With only a week left until Election Day, and after every political pundit and their brother has run through their theorized Electoral College scenarios again and again… let’s run through just a few more (go to this link and click “Make Your Own Scenarios” to follow along; all polling references come from Real Clear Politics). I agree with the New York Times’ allocation of “lean” states and which states are considered tossups; barring a get-out-the-vote miracle or a freak November surprise, Arizona and North Carolina are relatively safe in the Romney column and Minnesota, Michigan, Pennsylvania, New Mexico, and Nevada are relatively safe for Obama (although Nevada is much less safe than the rest). That leaves Wisconsin, Florida, New Hampshire, Iowa, Colorado, Ohio, and Virginia as the states that will be in play next Tuesday.
Now for the guesswork. Let’s give Florida to Romney – in the seven statewide polls conducted since October 17, Romney has lead Obama (statistically significant or not) in five of them, and he was at 50 percent or above in four of those five.
But even if Florida is in the bag, Romney runs into a problem here. For the sake of this scenario, let’s also throw Colorado, Virginia, Iowa, and New Hampshire into the Romney column. Even with all of those additions, Romney only stands at 267 votes. Wisconsin and Ohio are the only two tossups left; give Obama Wisconsin (Obama will probably win there), and there we have it – whoever wins Ohio wins the presidency. Among the tossups, even if Obama takes Wisconsin, Iowa, and New Hampshire, if Romney takes the rest and Ohio then he wins. If Romney cannot steal Wisconsin from Obama, then he almost certainly cannot win the White House without Ohio.
I say “almost” because there is one lurking possibility, one that could throw this nation into absolute political turmoil: an Electoral College tie. If Obama and Romney come out of Election Day with 269 votes each… then Washington, we have a problem. How could such a scenario occur? Many possible arrangements have been theorized, but here’s the one I think merits the most consideration: give Obama Ohio, New Hampshire, and Wisconsin, and give Romney Florida, Colorado, Iowa, Virginia, and turn Nevada red. That puts both tickets at 269.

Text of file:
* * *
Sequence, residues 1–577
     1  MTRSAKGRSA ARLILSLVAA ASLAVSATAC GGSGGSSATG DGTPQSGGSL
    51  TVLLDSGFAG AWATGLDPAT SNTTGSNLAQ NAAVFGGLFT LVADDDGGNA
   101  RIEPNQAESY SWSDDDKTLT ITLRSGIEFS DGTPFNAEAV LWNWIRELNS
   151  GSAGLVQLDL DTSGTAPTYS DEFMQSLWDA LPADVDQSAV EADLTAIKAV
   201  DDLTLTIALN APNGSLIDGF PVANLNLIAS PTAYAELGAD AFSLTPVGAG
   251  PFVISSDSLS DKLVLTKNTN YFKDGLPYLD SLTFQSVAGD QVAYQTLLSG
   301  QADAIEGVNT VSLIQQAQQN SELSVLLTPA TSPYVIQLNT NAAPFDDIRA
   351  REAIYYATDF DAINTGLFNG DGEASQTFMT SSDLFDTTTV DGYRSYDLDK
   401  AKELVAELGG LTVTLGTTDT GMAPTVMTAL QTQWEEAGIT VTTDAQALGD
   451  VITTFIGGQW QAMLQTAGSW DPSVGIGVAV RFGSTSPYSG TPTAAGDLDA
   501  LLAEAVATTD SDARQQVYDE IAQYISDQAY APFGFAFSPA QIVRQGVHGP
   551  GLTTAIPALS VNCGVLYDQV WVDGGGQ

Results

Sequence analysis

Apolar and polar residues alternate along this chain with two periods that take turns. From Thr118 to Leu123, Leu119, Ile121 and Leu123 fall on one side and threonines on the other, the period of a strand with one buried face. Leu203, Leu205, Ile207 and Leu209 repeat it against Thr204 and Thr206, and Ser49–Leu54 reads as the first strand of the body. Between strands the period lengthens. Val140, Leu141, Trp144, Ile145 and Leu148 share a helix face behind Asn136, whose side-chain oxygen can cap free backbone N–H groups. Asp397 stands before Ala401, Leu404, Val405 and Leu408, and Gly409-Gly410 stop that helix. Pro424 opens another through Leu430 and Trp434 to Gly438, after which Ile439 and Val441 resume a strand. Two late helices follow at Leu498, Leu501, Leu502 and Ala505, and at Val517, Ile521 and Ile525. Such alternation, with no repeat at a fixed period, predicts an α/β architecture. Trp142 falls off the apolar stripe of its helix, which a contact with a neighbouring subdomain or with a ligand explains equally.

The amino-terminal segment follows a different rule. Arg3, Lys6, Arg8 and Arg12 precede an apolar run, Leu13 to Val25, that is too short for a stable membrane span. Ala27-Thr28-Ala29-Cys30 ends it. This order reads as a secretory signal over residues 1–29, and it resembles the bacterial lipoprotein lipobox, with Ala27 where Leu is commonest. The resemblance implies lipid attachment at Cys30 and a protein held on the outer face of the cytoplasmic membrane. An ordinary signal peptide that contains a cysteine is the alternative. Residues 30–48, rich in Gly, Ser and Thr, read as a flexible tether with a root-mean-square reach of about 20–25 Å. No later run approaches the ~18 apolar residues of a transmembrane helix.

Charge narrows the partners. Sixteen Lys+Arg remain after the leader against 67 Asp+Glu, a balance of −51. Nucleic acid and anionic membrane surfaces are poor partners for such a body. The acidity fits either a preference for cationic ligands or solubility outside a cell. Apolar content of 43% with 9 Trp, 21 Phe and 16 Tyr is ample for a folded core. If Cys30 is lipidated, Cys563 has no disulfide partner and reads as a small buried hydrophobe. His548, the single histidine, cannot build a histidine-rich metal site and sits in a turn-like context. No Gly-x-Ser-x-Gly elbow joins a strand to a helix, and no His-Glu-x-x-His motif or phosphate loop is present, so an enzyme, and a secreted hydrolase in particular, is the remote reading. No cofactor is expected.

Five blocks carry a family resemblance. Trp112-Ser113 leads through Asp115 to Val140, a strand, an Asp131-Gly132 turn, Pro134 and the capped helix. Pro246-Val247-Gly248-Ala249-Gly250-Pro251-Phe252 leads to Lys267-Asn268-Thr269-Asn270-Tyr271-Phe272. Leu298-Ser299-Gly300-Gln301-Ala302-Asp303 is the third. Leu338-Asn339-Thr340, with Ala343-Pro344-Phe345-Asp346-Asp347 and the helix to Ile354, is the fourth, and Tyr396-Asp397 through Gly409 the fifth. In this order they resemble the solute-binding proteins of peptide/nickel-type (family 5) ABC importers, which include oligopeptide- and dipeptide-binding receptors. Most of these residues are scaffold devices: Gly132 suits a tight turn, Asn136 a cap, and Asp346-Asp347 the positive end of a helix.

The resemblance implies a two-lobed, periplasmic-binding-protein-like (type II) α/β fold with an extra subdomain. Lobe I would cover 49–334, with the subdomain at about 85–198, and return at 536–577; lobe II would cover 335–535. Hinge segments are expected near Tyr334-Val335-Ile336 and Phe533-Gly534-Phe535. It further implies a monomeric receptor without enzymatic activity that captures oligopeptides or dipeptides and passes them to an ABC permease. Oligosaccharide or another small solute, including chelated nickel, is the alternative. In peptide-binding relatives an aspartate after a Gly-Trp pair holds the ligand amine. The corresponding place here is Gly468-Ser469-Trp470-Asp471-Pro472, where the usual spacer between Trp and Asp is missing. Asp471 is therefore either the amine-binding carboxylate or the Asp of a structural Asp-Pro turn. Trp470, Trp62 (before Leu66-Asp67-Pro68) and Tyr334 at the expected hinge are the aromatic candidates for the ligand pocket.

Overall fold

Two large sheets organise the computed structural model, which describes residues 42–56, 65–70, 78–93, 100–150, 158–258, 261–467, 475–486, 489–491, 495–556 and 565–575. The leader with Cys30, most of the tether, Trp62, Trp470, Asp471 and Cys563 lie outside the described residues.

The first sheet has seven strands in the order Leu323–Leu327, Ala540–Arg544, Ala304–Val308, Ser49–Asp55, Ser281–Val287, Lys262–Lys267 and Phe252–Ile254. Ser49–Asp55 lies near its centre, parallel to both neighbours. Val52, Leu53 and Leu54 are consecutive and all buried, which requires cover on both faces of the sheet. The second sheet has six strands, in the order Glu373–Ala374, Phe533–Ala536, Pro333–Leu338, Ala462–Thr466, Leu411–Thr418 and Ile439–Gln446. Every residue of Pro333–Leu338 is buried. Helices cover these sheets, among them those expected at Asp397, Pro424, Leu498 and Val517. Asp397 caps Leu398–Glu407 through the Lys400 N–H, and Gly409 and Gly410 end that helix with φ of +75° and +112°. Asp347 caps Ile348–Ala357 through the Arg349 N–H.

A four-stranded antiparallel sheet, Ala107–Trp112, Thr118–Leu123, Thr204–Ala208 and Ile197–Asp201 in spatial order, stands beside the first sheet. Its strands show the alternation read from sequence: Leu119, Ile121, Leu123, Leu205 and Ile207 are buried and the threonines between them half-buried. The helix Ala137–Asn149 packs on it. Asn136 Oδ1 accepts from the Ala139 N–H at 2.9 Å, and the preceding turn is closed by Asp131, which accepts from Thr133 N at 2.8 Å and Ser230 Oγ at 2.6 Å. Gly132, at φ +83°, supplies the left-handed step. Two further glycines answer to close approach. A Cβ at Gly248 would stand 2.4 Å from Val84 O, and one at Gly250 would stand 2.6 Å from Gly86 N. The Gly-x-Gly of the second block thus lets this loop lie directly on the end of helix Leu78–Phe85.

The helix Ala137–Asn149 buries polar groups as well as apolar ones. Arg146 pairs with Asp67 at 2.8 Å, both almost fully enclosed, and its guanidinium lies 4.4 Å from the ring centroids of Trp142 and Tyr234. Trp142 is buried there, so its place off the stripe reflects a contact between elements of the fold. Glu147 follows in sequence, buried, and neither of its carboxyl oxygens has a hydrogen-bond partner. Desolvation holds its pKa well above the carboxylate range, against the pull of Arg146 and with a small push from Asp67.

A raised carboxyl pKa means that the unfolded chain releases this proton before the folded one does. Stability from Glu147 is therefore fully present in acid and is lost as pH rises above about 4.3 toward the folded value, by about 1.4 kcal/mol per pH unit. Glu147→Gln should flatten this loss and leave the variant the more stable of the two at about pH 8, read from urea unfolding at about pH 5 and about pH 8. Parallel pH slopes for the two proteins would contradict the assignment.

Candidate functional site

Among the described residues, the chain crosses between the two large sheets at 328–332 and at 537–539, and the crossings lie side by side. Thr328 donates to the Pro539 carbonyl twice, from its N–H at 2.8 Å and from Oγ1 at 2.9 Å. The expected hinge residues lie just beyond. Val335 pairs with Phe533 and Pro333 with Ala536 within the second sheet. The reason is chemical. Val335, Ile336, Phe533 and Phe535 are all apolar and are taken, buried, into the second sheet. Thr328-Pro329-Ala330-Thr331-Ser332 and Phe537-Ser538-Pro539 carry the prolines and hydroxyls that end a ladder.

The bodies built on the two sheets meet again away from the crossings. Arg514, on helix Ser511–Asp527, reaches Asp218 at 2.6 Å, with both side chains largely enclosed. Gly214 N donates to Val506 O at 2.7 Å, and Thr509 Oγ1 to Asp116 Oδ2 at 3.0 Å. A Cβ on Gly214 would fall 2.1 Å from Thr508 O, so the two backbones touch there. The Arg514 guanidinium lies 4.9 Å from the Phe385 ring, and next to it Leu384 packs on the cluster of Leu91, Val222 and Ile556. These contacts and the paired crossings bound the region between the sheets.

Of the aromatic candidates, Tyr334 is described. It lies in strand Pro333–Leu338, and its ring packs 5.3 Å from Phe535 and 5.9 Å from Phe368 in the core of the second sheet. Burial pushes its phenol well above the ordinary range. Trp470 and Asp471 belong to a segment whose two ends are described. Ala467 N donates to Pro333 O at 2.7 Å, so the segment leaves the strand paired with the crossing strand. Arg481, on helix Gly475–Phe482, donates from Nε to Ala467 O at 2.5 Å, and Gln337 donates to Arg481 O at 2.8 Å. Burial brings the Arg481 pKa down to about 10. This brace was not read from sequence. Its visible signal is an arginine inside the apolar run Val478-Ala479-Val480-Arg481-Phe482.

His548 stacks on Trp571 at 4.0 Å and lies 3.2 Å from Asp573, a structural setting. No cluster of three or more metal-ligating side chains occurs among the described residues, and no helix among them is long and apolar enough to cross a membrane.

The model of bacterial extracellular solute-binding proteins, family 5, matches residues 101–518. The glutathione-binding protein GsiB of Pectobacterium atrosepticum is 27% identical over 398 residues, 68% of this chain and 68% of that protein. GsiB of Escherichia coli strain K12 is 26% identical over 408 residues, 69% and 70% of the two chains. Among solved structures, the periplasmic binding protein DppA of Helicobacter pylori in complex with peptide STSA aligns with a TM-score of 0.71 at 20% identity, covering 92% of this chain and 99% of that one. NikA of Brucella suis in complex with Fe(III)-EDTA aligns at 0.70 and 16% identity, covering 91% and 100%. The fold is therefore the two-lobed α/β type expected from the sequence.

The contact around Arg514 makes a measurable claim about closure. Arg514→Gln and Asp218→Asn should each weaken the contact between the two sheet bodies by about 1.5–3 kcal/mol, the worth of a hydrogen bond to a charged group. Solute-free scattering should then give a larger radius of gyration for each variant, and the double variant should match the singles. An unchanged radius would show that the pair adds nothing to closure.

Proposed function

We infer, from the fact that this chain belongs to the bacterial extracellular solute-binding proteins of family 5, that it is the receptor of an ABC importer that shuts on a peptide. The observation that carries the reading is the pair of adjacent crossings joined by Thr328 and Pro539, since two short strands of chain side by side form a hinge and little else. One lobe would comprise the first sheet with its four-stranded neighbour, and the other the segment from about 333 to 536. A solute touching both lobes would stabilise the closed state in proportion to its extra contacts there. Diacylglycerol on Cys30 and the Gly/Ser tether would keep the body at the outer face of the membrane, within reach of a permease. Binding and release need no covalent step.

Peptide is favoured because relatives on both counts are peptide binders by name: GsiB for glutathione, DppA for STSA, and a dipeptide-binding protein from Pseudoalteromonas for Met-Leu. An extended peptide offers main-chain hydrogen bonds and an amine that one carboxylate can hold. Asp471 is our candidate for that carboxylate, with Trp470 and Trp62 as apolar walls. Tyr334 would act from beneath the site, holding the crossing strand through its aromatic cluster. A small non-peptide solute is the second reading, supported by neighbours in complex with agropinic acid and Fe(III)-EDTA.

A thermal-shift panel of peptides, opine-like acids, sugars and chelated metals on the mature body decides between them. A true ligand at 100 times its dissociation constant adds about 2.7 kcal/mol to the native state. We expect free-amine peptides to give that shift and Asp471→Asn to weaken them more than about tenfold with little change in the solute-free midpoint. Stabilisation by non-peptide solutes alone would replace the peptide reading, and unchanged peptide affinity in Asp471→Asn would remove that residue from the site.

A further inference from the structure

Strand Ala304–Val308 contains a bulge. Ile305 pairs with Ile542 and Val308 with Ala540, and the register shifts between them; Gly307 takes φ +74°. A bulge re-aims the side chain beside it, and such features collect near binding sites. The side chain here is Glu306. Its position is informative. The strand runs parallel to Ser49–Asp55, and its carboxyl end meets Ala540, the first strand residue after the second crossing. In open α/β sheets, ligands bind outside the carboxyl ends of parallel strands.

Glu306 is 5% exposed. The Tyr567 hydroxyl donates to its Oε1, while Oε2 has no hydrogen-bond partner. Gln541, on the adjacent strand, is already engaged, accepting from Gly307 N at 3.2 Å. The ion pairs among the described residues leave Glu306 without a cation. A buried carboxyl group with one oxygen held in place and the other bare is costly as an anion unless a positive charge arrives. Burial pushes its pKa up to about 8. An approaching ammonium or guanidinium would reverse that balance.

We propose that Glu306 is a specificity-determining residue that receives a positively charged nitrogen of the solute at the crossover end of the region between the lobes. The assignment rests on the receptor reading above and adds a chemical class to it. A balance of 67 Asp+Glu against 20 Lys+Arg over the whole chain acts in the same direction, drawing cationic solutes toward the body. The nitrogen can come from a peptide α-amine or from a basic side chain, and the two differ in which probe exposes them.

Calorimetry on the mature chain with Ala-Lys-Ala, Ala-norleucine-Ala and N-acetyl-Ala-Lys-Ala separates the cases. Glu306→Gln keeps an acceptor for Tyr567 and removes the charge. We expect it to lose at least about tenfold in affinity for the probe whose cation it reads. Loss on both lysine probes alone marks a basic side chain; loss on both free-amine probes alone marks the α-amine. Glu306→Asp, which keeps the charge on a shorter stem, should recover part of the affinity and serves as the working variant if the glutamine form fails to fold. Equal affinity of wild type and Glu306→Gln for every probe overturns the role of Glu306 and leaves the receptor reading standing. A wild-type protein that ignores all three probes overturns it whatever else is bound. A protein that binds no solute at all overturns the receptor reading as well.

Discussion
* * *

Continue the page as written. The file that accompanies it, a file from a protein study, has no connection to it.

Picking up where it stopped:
Luckily, the Constitution provides instructions for what to do should this occur. In the case of a tie, Article II, Section I of the Constitution stipulates that the House of Representatives as it will be comprised after this election will decide who will be president…except each state gets just one vote because each state’s Representatives will vote amongst themselves to determine their state’s singular vote (considering that there are quite a few more “red” states than “blue” states, this seems like an easy Romney win). This wouldn’t stir too much controversy if Romney wins the popular vote, but if Obama were to win the popular vote in such a situation, you could expect marches on Washington and crazed harassment of House GOP lawmakers as Democrats and liberals would claim that the will of the majority was being obfuscated. The Senate then votes to determine who will be the Vice President…so yes, this could lead to a Romney-Biden Administration.
However, considering that the Democrats only have a narrow majority in the Senate, if Romney were to win the popular vote in a 269-269 tie, I submit that some Democratic Senators might vote for Paul Ryan to be Vice President. The reason is that, besides having Biden next in line to be President and having him remain as the deciding vote in Senate ties, making Biden work under Romney wouldn’t really be that valuable to the Democratic Party. Frankly, a Romney-Biden Administration would be filled with distrust and hate, not to mention gross awkwardness. I think that a newly-elected President Romney would be able to make the case to enough Democratic Senators that they should follow the popular demand (assuming Romney wins the popular vote) and make Paul Ryan the vice president, both for the sake of effective governance and the preservation of Biden’s political career (seriously, being vice president under a Republican president would kill Biden’s future prospects for running again for the top spot).
The electoral tie, while certainly possible, is still not nearly as likely as the “all-about-Ohio” scenario. It will very likely be a few thousand Ohioans who effectively decide this presidential election; so Mr. President and Governor Romney, don your Ohio State jackets and enjoy your last few days of pandering.